Lesotho, sometimes known as the “Mountain Kingdom” or “The Kingdom in the Sky” because it’s home to some of the highest and most scenic mountain peaks in Southern Africa, is a tiny landlocked country tucked away in the middle of South Africa. Accessible from South Africa by road or air, with its main airport, Moshoeshoe I International Airport in Maseru, the capital, it’s a lovely off-the-beaten-track destination for travellers looking for big sky country, superb mountain views and few people.

First founded by the great king, Moshoeshoe, in the 1820s, Basutoland became a British Protectorate in 1884, finally achieving independence in 1966 and being renamed the Kingdom of Lesotho.

Your clients can head out from its capital, Maseru, Lesotho’s only sizable city, to the peaks and valleys beyond and discover some of Southern Africa’s finest scenery.

In Lesotho’s south-eastern corner, in the Qacha’s Nek district, your clients will find the breathtakingly beautiful Sehlabathebe (pronounced: sella-ba-tebbie) National Park, which forms part of the larger Maloti-Drakensberg Park World Heritage Site. The park lies at altitudes of between 2 200m and 2 900m, and just outside its northern border, the mountains, often snow-capped, soar to 2 900m. The Orange River, South Africa’s longest river, flows through the park on its meandering journey west to the Atlantic Ocean.

Sehlabathebe is one of the least visited areas of Southern Africa, so if your clients are searching for big sky country; wilderness; limitless horizons; alpine mountain meadows full of wildflowers; grasslands; clear freshwater pools; sandstone peaks; and rocks, arches and caves shaped by wind and weather over millennia into fantastic shapes, then they should look no further than this stunningly beautiful national park.

Accommodation, including campsites, is available, and if your clients can tear themselves away from taking photographs; hiking the many trails; admiring the approximately 65 known rock art sites; spotting rare birds such as the bearded vulture, Drakensberg rockjumper and yellow-breasted pipit; and glimpsing the scampering herds of grey rhebok (like smaller versions of South American lamas), then they may want to go fishing, pony trekking or just soak up the views.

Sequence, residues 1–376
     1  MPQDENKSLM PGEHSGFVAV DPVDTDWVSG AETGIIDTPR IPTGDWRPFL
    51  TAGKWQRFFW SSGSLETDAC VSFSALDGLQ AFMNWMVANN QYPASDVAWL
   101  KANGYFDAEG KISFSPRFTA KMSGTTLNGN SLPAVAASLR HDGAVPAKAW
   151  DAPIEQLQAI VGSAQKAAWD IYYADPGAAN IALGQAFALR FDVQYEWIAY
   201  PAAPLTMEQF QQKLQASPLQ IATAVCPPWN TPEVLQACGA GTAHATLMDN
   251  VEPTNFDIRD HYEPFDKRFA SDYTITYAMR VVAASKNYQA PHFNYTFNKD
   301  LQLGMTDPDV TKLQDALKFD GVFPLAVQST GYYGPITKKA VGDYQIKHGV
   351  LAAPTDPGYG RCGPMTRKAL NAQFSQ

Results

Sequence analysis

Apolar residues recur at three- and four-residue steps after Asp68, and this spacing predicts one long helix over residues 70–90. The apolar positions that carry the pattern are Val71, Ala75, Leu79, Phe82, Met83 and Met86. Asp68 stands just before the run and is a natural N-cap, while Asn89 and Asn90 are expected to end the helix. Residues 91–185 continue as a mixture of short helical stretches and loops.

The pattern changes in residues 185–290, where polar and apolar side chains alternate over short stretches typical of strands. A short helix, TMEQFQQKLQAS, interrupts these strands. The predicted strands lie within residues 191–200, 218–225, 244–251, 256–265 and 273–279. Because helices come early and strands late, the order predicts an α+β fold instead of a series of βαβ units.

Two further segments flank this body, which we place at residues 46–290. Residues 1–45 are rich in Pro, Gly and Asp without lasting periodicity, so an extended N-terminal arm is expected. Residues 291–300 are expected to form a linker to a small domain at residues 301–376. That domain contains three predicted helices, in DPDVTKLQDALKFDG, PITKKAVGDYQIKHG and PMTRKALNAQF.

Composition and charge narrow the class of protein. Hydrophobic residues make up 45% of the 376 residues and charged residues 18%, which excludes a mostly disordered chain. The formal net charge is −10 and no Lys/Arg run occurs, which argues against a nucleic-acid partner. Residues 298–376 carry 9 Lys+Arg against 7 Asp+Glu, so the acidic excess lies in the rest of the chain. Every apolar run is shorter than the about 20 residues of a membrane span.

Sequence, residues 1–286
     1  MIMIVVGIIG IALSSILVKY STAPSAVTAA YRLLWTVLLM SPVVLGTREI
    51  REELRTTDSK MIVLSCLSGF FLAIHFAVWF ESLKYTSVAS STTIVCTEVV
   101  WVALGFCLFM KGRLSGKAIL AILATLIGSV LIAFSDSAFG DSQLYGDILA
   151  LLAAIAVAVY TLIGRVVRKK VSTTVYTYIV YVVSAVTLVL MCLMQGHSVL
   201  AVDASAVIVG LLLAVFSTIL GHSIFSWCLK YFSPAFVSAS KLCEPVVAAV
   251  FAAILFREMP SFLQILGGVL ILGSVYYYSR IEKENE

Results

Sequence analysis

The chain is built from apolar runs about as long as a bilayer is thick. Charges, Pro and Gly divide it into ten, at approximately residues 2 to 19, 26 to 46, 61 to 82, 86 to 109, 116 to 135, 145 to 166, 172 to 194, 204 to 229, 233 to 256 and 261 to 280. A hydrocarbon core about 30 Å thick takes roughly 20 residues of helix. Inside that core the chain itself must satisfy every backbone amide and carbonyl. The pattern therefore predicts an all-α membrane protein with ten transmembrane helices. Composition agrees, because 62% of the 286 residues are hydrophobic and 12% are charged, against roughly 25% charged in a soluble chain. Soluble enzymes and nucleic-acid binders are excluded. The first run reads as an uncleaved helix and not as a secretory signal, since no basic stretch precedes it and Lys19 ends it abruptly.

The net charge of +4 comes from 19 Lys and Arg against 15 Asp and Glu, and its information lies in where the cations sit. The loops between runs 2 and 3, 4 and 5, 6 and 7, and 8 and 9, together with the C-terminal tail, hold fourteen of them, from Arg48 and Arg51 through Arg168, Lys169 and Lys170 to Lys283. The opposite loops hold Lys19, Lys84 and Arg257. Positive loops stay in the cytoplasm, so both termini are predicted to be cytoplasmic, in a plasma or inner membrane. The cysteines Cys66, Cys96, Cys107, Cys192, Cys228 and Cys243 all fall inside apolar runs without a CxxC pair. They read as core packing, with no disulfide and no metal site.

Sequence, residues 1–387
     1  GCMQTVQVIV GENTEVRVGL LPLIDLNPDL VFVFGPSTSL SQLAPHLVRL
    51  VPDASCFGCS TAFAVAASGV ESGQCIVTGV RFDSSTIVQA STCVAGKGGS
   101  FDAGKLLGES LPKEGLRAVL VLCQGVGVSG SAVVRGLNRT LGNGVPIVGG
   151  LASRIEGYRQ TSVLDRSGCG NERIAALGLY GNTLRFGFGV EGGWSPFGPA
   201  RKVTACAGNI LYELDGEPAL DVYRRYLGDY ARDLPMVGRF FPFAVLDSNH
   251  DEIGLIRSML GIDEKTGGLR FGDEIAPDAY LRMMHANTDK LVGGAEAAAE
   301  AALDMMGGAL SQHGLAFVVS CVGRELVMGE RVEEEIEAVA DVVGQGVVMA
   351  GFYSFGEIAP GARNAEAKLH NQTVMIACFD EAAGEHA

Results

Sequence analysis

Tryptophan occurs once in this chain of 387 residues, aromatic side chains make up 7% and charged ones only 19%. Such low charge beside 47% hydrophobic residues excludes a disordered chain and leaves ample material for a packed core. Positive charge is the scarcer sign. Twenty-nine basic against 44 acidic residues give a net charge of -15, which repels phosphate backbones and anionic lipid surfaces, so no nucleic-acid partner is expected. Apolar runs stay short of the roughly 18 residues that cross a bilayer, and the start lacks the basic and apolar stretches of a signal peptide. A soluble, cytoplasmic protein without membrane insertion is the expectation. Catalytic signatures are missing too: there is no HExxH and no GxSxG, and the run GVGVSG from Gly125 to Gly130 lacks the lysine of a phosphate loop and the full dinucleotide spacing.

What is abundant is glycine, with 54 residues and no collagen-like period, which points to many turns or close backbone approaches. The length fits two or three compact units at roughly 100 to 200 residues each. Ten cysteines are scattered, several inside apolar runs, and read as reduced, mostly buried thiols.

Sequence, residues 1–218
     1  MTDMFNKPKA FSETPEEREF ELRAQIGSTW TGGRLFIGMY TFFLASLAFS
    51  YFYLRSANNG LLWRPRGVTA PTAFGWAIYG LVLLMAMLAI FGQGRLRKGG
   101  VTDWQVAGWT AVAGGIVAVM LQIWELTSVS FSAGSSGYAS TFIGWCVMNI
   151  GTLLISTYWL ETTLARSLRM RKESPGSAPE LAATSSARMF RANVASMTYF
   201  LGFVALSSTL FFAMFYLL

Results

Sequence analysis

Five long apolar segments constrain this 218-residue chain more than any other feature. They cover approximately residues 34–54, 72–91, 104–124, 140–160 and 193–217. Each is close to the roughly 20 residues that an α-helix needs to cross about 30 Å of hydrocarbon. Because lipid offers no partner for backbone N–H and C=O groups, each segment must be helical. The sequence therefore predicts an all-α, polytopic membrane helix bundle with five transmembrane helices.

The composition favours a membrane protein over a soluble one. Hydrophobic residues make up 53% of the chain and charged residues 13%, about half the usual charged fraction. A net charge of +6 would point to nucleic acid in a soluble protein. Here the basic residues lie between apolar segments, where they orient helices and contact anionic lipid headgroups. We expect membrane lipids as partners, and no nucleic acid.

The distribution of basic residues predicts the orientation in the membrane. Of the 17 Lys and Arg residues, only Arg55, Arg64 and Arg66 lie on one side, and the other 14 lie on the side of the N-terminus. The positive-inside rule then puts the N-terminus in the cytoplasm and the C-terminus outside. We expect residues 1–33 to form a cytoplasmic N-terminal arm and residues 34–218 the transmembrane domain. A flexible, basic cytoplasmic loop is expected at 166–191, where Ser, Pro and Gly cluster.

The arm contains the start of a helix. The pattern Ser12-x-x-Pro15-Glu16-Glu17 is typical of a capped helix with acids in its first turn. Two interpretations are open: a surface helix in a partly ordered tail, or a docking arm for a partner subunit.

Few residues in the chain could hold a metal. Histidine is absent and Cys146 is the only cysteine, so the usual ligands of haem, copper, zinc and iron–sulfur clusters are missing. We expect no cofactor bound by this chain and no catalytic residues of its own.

A bearded vulture.

A bearded vulture.

(Image: Alastair Rae)

They should wrap up very warmly in winter as it can get bitterly cold high in the mountains. The name Sehlabathebe in the local language, Sesotho, means “plateau of shields”, and it’s here on a high, windy plateau that a great battle between warring tribes was once fought.

The Katse Dam in the Maloti Mountains, a major joint international undertaking, forms part of the huge Lesotho Highlands Water Project that exports water to neighbouring South Africa. It is one of Africa’s largest dams, and your clients can enjoy sweeping views of its 45km of flooded valleys from the scenic Mafika Lisiu Pass.

For history buffs, a visit to Thaba Bosiu sandstone plateau, Lesotho’s most famous historical site and the country’s greatest national monument, is a must. This flat-topped mountain, with excellent grazing and freshwater springs, lies about 20km east of Maseru and was the site where King Moshoeshoe I established not only his citadel, but also the birth of the Basotho nation.

From the tourist office at the base of the mountain it’s an easy climb to the summit, where your clients’ accompanying guide will regale them with tales of the history and culture of this tiny nation.

There are also sweeping views from the summit, including that of the strangely shaped Qiloane pinnacle, the legendary conical mountain that is the inspiration for the top-knot on the traditional Basotho hat (an essential souvenir).

Your clients can also go skiing at a ski resort in the Maloti Mountains in northern Lesotho in June, July and August.

Qiloane pinnacle.

Qiloane pinnacle.